The gift of purging reminded me yet again of my true keepsakes. While it was a painful lesson to have to re-learn– the best, most enduring lessons always are!– I’m grateful for yet another treasure to accumulate that will follow me straight into the life to come. This time, it’s the treasure of perspective and of course, a lot less clutter to worry about…


Filed under Spiritual Growth and Practice

8 Responses to Purging Away the Stuff

  1. Edmund Metheny

    Sophie just pointed out to me that you have forgotten the up side of this process. Every time you move, you also discover things that you haven’t seen since the last move, and are like “Cool, I thought I had lost this!” or “Wow! I had forgotten all about this!”

  2. We all swear that we have to stop being pack rats when we move…. On the flip side, we also find stuff we’s lost since the previous move, and we get so excited, like we found a treasure! “I thought I’d lost that forever!” ^_^

  3. Edmund Metheny

    Sophie – you owe me a coke.

  4. You guys are so right. In fact that also happened– discovering things I had forgotten were there, and getting some joy from that. Of course, that made it all the more difficult to part with some of those things. (I had gone in with a guiding attitude that if these things had been out of sight and out of mind for 6 years, I didn’t need them anyway. That proved to be mostly true, albeit painfully.) But, the sense of liberation is setting in more, too. That’s my consolation prize, along with the comfort of knowing that I don’t have to move and store all this stuff any more!

  5. Reblogged this on Prodigal Chick and commented:
    Most appreciated message. Seems this is a season for purging for a lot of us.

  6. Dawn King

    Moving is a hard job but like you said you clean out your “life” everything old becomes new again I feel that way when we move I always held on to everything with the memories and thought of one day I will need that~ So wrong when you have to down side you have to go out with the old! Memories are held in your heart and yes sometimes it does sting but just think of all the wonderful new things you can now get 🙂 ………….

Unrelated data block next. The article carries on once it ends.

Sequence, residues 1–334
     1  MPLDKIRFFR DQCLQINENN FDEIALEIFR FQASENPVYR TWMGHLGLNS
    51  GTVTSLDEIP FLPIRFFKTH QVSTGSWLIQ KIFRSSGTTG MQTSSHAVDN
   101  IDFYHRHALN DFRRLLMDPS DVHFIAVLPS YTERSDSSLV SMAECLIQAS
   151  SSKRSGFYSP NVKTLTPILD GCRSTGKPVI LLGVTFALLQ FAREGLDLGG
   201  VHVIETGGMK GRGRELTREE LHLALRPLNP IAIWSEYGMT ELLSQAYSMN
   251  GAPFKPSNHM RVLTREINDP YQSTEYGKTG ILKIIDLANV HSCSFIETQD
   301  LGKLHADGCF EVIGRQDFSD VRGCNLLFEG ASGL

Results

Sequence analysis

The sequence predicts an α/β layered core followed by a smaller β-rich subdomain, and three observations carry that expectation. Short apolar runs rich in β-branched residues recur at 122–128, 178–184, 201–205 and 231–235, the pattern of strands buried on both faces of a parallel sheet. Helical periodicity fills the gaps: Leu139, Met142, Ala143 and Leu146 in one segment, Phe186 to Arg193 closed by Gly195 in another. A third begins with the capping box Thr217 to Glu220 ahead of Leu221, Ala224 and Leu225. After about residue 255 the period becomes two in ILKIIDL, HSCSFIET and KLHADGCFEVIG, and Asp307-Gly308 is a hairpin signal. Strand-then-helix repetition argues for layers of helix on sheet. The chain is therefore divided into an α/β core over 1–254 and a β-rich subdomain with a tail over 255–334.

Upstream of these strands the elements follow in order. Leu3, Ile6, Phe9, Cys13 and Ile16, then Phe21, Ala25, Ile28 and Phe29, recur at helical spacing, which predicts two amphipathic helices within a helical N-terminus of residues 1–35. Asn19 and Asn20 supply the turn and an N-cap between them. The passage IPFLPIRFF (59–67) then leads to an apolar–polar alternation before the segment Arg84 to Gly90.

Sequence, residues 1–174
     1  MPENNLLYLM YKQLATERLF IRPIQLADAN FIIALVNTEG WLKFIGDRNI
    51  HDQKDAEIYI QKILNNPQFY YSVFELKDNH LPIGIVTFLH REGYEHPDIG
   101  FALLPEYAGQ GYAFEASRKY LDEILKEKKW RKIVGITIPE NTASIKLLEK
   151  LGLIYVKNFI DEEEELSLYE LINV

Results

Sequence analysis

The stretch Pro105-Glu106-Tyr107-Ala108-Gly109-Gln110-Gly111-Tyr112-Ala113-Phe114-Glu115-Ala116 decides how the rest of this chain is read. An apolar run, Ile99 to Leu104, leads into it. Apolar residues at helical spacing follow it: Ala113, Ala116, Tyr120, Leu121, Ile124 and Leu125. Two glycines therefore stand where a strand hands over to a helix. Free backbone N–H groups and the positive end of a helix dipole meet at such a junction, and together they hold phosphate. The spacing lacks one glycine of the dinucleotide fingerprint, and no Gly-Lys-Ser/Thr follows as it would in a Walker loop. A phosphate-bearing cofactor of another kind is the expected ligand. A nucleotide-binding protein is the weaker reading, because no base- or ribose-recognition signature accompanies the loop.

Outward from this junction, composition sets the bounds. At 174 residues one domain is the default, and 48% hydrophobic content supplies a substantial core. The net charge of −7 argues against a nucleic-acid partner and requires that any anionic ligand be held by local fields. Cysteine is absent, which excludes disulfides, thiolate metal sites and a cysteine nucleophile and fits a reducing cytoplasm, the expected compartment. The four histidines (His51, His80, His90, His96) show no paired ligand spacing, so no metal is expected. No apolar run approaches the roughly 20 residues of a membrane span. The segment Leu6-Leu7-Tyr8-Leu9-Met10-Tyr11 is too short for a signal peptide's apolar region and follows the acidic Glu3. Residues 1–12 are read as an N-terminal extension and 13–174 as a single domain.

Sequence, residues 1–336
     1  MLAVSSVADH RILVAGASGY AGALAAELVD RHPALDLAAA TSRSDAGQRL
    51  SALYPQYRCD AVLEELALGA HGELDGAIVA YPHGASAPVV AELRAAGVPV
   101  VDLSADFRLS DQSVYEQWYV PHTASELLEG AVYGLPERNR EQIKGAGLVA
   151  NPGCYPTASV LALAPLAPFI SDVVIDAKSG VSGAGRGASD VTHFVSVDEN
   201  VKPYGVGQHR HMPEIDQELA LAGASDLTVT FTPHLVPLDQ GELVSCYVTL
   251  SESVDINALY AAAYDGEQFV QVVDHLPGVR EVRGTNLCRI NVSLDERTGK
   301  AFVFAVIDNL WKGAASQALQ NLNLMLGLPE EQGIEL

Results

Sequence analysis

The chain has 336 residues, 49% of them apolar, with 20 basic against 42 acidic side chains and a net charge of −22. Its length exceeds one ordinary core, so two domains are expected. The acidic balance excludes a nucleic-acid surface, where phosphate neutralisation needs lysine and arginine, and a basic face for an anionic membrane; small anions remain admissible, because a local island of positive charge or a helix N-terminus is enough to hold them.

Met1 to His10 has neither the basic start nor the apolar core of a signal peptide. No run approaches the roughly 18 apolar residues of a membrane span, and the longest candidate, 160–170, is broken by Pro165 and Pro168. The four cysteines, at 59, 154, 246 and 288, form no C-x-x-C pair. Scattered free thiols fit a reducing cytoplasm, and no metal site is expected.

7. markwalt

    I guess I’m not a very sentimental guy. I kind of like the purge. When I got divorced, I moved into a townhouse shared with other guys, and I took my truck, my mattress, my computers, my clothes, and a few other things. I left as much behind as she would allow, and threw out a lot of stuff.
    Then I moved to New York City area to move in with a woman, and took even less, donating some furniture to the house.
    When I moved to the Seattle area (into another town house with roommates) from New York, I shipped exactly four moving boxes and a TV, and went on the train with a duffel back and a backpack full of clothes and some electronics.
    When I moved into Laura’s, I donated my TV to the townhouse, donated the bed I had purchased to my mother, donated all my pots and pans to the house, and took only that which would fit into the back seat of a ’94 Oldsmobile Cutlass.
    I find the purge to be cleansing. But I’m weird.